A group of over 800 former judges and senior legal figures have signed a letter to the Prime Minister and Home Secretary Priti Patel calling on them to apologise for their 'hostility' towards the legal profession.
The letter, which has been co-signed by three former justices of the UK Supreme Court along with 80 QCs and hundreds of barristers and solicitors, is in response to 'recent attacks, made by the Home Secretary and echoed by the Prime Minister, on lawyers seeking to hold the Government to the law'.
In August, the Home Office was forced to abandon using a video which accuses 'activist lawyers' representing migrants of trying to disrupt the asylum system after a barrage of complaints.
Earlier this month at the Conservative Party online conference, Boris Johnson ramped up the rhetoric in the battle between the Government and the justice system.
More than 800 former judges and senior legal figures have signed a letter to the Prime Minister and Home Secretary Priti Patel calling on them to apologise for their 'hostility' towards the legal profession
In his keynote speech the Prime Minister said the Tories were 'stopping the whole criminal justice system from being hamstrung by what the Home Secretary would doubtless - and rightly - call the lefty human rights lawyers, and other do-gooders'.
Last week, a man charged with preparing an act of terrorism after being accused of carrying out a racist attack at a firm of immigration lawyers.
Cavan Medlock, 28, from Harrow in north-west London, allegedly visited the offices of Duncan Lewis Solicitors in Harrow armed with a large knife and threatened to kill a member of staff.
The letter, which was published in The Guardian, states: 'Such attacks endanger not only the personal safety of lawyers and others working for the justice system, as has recently been vividly seen; they undermine the rule of law, which ministers and lawyers alike are duty-bound to uphold.
In his speech at Tory party conference, the Prime Minister said he was 'stopping the whole criminal justice system from being hamstrung by what the Home Secretary would doubtless - and rightly - call the lefty human rights lawyers, and other do-gooders'
Among the former judges are Lords Collins (left) and Dyson (right), who both recently left the UK Supreme Court
'We invite both the Home Secretary and the Prime Minister to behave honourably by apologising for their display of hostility, and to refrain from such attacks in the future.'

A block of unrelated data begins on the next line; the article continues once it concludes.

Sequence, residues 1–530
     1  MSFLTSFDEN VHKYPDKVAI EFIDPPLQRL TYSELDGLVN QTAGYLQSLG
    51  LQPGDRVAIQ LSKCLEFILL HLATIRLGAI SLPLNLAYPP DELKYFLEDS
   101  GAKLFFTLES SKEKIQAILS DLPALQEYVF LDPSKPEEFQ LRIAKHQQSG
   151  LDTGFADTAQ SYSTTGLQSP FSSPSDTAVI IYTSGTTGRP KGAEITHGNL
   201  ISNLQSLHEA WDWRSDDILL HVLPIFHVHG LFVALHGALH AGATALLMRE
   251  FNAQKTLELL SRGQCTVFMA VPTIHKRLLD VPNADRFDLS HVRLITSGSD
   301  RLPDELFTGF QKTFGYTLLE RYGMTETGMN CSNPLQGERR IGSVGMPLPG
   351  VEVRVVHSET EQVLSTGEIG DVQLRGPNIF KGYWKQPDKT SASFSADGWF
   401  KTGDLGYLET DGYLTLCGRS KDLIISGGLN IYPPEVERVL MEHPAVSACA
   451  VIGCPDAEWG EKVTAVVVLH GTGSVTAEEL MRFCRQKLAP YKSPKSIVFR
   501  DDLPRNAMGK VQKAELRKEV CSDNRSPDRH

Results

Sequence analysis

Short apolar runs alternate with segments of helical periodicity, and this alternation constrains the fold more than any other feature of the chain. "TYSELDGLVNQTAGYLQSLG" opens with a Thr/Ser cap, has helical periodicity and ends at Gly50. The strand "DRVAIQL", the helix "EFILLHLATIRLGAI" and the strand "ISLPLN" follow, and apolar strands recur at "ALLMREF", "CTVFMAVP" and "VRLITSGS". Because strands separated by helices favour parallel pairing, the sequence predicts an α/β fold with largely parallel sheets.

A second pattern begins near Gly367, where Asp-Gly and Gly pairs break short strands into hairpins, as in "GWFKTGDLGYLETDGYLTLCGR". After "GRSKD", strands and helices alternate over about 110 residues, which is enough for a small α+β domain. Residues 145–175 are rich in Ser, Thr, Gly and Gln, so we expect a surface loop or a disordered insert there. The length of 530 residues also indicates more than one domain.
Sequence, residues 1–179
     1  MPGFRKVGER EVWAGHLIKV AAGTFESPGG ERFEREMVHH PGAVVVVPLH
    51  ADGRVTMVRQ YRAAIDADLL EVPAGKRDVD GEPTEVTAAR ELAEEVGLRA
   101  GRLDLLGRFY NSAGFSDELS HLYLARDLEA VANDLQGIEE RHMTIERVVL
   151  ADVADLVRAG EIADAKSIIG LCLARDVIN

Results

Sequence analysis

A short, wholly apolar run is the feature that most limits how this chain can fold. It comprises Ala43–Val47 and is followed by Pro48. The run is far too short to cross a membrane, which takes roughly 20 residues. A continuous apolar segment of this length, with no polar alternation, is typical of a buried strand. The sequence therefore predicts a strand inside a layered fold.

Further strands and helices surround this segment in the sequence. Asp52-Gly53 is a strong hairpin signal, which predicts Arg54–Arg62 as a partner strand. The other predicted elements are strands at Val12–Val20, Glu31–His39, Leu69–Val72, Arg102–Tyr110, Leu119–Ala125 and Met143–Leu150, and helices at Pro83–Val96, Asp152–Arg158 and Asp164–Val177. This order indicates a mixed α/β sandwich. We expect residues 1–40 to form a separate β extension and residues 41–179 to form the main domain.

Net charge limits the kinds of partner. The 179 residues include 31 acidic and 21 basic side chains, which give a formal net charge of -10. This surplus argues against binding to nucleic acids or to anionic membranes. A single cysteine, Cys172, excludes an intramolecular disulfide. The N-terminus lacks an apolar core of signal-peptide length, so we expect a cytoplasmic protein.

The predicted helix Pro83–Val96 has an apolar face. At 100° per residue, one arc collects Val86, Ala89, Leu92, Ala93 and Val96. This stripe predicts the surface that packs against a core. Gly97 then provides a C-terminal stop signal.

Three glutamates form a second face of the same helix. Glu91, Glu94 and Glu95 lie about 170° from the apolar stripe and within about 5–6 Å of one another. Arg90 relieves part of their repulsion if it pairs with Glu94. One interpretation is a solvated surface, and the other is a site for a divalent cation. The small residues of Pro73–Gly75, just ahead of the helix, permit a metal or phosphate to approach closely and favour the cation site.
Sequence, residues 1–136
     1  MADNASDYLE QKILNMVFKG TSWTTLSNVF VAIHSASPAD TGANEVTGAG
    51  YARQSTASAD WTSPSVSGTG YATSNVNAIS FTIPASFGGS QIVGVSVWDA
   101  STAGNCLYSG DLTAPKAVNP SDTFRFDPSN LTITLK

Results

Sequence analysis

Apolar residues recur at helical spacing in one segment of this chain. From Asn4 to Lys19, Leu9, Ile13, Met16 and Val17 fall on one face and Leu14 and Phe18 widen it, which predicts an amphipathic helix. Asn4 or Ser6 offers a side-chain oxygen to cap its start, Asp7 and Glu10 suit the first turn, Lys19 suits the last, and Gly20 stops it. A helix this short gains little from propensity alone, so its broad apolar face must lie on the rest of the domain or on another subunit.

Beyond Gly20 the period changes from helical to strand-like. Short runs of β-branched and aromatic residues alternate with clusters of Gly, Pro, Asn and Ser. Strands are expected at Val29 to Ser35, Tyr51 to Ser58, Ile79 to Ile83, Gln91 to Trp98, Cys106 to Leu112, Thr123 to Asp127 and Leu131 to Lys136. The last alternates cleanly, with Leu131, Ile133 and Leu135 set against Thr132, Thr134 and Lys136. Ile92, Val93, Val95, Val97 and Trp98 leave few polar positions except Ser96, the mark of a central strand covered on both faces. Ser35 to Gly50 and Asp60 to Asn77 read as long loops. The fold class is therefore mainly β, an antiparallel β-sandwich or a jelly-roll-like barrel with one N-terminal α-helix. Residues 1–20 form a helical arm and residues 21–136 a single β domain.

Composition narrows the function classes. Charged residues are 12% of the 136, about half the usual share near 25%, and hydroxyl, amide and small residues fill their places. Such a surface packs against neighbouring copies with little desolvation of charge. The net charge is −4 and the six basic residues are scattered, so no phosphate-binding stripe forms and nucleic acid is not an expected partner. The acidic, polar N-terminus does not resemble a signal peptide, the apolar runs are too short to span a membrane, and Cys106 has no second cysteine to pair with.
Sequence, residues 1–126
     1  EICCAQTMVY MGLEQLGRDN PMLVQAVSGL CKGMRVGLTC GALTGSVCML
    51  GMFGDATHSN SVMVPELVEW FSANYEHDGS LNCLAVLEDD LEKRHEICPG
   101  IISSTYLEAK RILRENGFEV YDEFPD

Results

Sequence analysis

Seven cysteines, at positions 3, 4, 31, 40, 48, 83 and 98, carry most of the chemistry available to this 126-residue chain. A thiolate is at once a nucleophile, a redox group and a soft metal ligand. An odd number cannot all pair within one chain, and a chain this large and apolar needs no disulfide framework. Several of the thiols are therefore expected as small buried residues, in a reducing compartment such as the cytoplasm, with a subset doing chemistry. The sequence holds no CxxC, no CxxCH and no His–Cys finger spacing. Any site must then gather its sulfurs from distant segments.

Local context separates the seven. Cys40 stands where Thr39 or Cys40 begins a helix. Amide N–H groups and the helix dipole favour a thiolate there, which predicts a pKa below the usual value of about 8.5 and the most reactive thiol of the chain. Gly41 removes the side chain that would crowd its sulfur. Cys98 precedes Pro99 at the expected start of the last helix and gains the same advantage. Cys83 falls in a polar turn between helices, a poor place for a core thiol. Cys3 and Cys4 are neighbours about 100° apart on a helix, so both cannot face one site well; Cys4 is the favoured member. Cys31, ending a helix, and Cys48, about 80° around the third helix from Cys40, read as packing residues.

Among the former judges are Lords Collins, Dyson and Walker, who recently left the supreme court, as well as onetime appeal court judges Sir Richard Buxton, Sir Anthony Hooper, Sir David Keene, Sir Alan Moses and Sir Stephen Sedley
A government spokesperson said: 'The government rejects the underlying insinuation in this letter and is clear any form of violence is unacceptable.
The letter, made in response to 'recent attacks, made by the Home Secretary and echoed by the Prime Minister' was also signed by former Court of Appeal Justices Sir Anthony Hooper (left) and Sir Alan Moses (right), who was formerly chairman of press standards body IPSO
'Lawyers play an important role in upholding the law and ensuring people have access to justice. They are however not immune from criticism.'
It came as the Mail On Sunday revealed human rights lawyers are searching for asylum seekers to sue the Home Office in a group legal claim expected to cost taxpayers millions of pounds.
Thousands of people detained at any point in the three years to March 2017 could have a case, prompting controversial law firm Leigh Day to begin seeking potential clients, reassuring them of ‘a good prospect of success’ and adding that taxpayer-funded Legal Aid may be used to fund their claim.
The looming legal action is a blow to Home Secretary Priti Patel, who recently declared the asylum system to be ‘fundamentally broken’ and lambasted ‘Lefty lawyers’.
It stems from a landmark Supreme Court ruling last November that the Home Office had unlawfully locked up five asylum seekers.
The Mail on Sunday understands the Home Office is close to agreeing damages for the five asylum seekers involved which could spark a flood of similar claims
The five, who arrived in Britain illegally from Afghanistan, Iran and Iraq, had been detained under an EU regulation which states that asylum seekers should claim asylum in the first EU country they reach.
Under the rules, only those deemed to be at ‘significant risk of absconding’ should be imprisoned, but five Supreme Court judges ruled Britain did not have proper policies in place to determine whether individuals posed this risk.
It is believed the Home Office is close to agreeing damages for the five asylum seekers involved which could spark a flood of similar claims.